April 16, 2012 2 Comments
Good afternoon, gentle reader….
I know I haven’t posted a new blog in a couple of weeks, but my personal life has been busy as of late. Fear not, for I have not abandoned my column.
Let us also face the fact that nothing earth shattering really happened last week, save Rick Santorum bowing out of the GOP race to challenge President Barack Obama come November. Yes, he was getting trounced in the polls by Romney, but that is not why he quit. Many people would have liked to believe that he kowtowed to Romney because of his concern for daughter Bella’s health. The truth is that Santorum just couldn’t keep up with the financial juggernaut that is the Mitt Romney campaign. In a press conference shortly after he announced the suspension of his campaign, Santorum admitted that he was getting in to a financial campaign debt that he was uncomfortable with going forward. Honestly…who didn’t see that coming a mile away? For better or for worse, Romney has been able to outspend his rivals by financial leaps and bounds. None of the candidates could ever have hoped to raise the capital to wage a campaign like Romney can. The only reason Newt Gingrich and…what’s his name…oh, Congressman Ron Paul…the only reason those two are still campaigning (and I use that term “campaigning” very loosely) is because they both suffer from that political malady that I wrote about a while back called hubris giganticus. Their egos won’t let them quit until they absolutely, positively have to because they are stone cold broke or their staffs quit. Polling be damned: it is not about popularity for Gingrich or Paul. For them, it is about finishing a job in the face of overwhelming odds and, I might add, extremely underwhelming popularity.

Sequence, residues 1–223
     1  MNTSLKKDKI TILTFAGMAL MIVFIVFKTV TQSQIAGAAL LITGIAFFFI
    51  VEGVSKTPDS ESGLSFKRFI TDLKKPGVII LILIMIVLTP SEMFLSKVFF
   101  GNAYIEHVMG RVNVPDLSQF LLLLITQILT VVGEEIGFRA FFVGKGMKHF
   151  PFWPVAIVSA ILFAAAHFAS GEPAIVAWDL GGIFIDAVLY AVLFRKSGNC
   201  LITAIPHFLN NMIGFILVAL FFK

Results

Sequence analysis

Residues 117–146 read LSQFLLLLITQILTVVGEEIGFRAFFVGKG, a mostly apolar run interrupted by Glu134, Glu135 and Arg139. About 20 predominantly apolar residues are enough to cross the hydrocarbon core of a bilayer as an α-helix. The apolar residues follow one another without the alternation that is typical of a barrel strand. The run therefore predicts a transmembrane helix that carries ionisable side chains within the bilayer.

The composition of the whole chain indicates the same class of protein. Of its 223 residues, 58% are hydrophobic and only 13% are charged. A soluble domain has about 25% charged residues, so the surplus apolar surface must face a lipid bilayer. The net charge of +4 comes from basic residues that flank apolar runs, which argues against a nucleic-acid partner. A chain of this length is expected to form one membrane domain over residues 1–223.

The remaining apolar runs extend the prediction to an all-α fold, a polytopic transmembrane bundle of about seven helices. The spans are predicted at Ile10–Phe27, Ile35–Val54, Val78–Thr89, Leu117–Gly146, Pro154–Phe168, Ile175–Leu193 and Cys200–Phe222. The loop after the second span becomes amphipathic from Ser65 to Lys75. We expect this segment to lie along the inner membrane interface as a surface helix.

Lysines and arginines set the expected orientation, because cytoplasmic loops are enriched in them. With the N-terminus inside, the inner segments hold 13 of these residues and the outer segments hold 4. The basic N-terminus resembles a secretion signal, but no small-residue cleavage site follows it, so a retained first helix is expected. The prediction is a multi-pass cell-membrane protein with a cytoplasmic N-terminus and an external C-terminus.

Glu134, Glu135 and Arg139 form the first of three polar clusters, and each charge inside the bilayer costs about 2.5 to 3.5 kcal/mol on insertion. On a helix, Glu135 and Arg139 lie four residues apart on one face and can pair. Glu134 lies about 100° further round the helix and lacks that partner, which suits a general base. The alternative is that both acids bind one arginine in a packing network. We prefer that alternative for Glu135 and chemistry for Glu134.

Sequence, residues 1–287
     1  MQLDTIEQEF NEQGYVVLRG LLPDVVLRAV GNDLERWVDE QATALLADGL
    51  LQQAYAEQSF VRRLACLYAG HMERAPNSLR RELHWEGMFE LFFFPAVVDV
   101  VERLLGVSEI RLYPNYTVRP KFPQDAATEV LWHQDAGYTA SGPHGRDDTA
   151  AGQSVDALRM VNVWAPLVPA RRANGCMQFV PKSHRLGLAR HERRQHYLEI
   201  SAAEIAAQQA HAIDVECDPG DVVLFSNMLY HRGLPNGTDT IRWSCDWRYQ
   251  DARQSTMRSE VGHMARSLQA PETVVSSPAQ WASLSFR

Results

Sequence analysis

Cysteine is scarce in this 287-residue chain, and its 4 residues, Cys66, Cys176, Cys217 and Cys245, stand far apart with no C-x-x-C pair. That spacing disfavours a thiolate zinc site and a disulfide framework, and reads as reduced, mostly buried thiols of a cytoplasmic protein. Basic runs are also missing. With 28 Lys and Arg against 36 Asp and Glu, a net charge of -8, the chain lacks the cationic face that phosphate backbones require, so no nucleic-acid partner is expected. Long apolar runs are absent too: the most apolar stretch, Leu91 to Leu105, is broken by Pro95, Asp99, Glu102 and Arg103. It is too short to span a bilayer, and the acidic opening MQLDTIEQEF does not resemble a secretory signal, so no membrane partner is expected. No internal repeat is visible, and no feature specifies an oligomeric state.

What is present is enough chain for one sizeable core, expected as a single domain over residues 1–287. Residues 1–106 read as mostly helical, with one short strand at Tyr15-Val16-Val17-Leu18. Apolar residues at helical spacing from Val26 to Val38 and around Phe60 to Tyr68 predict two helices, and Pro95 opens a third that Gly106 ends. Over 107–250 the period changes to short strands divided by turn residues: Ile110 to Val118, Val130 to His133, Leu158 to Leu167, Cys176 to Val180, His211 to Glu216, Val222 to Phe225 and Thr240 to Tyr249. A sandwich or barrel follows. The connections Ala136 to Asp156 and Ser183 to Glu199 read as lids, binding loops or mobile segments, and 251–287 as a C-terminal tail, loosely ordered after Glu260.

It is up to the GOP to rally behind Mitt Romney. With all the talk about him not being a ”true conservative,” I am not yet convinced that will happen. Remember what happened in 2008 to Senator John McCain? He is a good man and a fine example of a leader, but he was perceived as being too “in the middle” for the growing conservative insurgency that eventually morphed in to the formation of the tea party.
On a side note, I refuse to use capital letters in the name “tea party.” They are not a political party, nor should they be treated as such. If they were a true political party, they would have, at minimum, put forth one candidate to represent them. Even though the race is now between Mitt Romney and President Obama, they still have not endorsed anybody and will most likely never officially endorse Mitt Romney. Their disorganization mirrors that of the GOP and it is hurting them all in their quest to regain control of the Senate, let alone the White House.
But, I digress…
The “true conservatives” in 2008 did not like McCain, so he was marginalized within his own party and did not get the support he needed to carry on a good and balanced campaign. When that happened, he was doomed to lose the election to Barack Obama. I fear that Mitt Romney is headed down the same path. Mark my words: if Romney does not start getting the support he needs from within his own party, the election in November will be a landslide victory for Obama the likes of which this nation has not seen since Ronald Reagan defeated Walter Mondale in 1984 by a record Electoral College margin not since surpassed.